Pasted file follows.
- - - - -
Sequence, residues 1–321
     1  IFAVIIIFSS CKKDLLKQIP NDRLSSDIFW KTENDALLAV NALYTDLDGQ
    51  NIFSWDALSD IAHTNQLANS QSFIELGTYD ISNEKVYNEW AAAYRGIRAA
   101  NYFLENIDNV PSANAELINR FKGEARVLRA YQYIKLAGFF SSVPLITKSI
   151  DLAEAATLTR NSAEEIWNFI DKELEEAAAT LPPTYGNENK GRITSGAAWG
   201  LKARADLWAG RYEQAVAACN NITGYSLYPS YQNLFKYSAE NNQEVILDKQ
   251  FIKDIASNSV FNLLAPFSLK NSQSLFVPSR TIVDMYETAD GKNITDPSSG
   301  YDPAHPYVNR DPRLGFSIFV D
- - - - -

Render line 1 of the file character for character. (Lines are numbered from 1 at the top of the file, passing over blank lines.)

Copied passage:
Sequence, residues 1–321